Once when selling at a farmers’ market, a customer told me she felt particularly conflicted about purchasing beef because of the water it wastes. Indeed, depending on the source of your facts, you can find shocking statistics stating that beef wastes between 500 and 2500 gallons per pound of meat, so it isn’t surprising that she was so troubled. This horrific waste is a favorite argument cited by those who’d wish to convince others to stop eating beef.
I’d like to present my reasons for positing that Wrong Direction Farm beef doesn’t waste water. I’ll only address my specific context. I can’t speak for other farms, or for the circumstances in other climates. I’m no expert in water usage for growing grain, nuts, fruit, or vegetables, so I can’t authoritatively point to other agricultural practices for comparison. I’ll just stick with what I know well, my farm.
As an establishing point: what is wasted water and why does it matter? Water waste results from disruption of the water cycle. Water can be wasted by removing it from a location and not replacing it (such as drawing water from a well and then flushing it into a waterway rather than letting it infiltrate back through the soil into the well). Water can also be wasted by polluting it, rendering future uses of it harmful. Waste has turned critical in places where municipal water supplies and privates wells are running dry as subterranean water levels drop. In some locations this results in dry wells as the cost to dig deeper becomes prohibitive. Elsewhere, saltwater is intruding into depleted aquifers and ruining the fresh water supply. Declining water tables even cause subsidence at the surface as underground pore spaces collapse. (Side note: for a particularly perverse twist, follow the story of how cheap solar power is helping irrigate bumper crops of opium in Afghanistan, while rapidly destroying their water supply.) Undeniably, water waste is a serious issue for communities throughout the world.
Every drop of water used by our farm is directly harvested as rainwater. Under the house we have an old cistern to collect runoff from the roof of the house and the shed behind it. In the back of the farm we have a pond to collect rainwater at the bottom of a long sloping field. All of our fields, both the pastures and the fields cut for hay are watered by rainfall, with no irrigation from wells or aquifers. So at the source, our water use is not depleting any groundwater reserves.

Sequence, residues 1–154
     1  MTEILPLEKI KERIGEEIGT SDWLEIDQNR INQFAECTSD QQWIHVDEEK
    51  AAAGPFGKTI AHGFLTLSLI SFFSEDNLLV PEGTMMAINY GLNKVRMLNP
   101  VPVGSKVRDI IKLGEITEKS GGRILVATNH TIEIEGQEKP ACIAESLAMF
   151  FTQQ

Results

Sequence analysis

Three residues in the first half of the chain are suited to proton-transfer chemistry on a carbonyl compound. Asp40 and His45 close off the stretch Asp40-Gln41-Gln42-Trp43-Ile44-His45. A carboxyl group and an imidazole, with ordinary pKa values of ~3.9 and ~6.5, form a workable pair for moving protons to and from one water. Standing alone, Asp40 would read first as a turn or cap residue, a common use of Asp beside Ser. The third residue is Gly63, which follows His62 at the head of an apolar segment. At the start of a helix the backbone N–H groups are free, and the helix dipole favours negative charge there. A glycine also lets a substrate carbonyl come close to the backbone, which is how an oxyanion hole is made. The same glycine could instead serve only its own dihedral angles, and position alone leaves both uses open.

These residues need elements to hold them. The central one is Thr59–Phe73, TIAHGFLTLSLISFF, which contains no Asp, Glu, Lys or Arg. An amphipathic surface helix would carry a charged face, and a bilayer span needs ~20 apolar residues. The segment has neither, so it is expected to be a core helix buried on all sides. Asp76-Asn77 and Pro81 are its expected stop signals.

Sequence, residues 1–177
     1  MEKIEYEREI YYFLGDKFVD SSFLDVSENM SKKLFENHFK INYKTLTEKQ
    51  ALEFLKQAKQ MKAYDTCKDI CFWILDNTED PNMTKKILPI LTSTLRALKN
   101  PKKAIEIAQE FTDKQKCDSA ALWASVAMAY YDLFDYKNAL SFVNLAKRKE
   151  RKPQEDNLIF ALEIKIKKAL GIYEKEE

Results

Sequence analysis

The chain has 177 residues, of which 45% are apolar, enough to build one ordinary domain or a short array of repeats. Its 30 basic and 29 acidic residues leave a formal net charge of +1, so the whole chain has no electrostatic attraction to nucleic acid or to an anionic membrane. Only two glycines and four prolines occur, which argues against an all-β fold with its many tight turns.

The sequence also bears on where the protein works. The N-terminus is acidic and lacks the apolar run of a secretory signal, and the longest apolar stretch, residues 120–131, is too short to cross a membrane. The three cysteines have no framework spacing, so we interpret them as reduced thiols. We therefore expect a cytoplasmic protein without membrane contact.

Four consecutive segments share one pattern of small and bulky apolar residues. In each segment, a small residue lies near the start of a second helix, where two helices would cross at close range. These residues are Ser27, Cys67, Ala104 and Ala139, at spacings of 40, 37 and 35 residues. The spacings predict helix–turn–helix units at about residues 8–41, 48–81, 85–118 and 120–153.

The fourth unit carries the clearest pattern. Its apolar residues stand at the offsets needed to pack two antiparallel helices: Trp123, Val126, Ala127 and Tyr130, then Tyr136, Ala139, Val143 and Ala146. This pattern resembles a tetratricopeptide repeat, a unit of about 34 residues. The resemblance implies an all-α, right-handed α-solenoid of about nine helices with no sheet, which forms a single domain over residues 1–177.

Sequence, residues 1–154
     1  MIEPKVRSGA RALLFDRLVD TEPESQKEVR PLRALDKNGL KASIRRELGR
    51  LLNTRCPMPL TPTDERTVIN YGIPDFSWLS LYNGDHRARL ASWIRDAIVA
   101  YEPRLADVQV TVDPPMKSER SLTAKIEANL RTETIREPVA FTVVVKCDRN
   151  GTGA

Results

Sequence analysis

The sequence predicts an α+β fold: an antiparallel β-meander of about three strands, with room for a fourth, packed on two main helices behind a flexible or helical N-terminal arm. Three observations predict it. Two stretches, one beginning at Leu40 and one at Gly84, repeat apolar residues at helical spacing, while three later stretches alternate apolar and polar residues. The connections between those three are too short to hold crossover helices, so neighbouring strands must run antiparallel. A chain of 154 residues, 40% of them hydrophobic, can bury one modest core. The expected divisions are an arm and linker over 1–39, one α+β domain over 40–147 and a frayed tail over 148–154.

Naturally, soon after the cattle drink they urinate it back out. Because the herd is never concentrated in numbers that exceed the carrying capacity of the land, urine is distributed in volumes the soil can easily absorb. Soil bacteria are able to synthesize it into nitrogen-rich fertilizer. We constantly move the cattle throughout the farm, preventing any one one area from becoming supersaturated, thus preventing wastage from water becoming polluted.
And about the water in the pond… As it sits there, it isn’t a passive rainwater storage tank. It is active. The pond is full of fish, snails, frogs, and turtles. Bees fly over from the hives next door to drink. Swallows and killdeer visit each day. Herons hunt in the reeds. A pair of geese visits each spring to lay eggs. Migrating flocks of ducks stop for a rest. Deer and coyotes drop by for a drink. And we swim in it on hot summer evenings. By digging this pond, we’ve been able to create new wildlife habitat and to diversify the local ecosystem.
Are there beef products that squander thousands of gallons per pound of meat? That absolute worst case scenario probably exists somewhere. But that certainly isn’t the situation here. The most you can say is that we temporarily divert the water through our cattle.
You can take a bite out of a Wrong Direction Farm grass fed steak or burger or brisket and enjoy it for the taste and satisfaction you find in eating it. But if you also need some ecological reassurance about the wider effects of the meal, then I can provide that too.
Just be sure not to waste water when you are washing the dishes afterwards.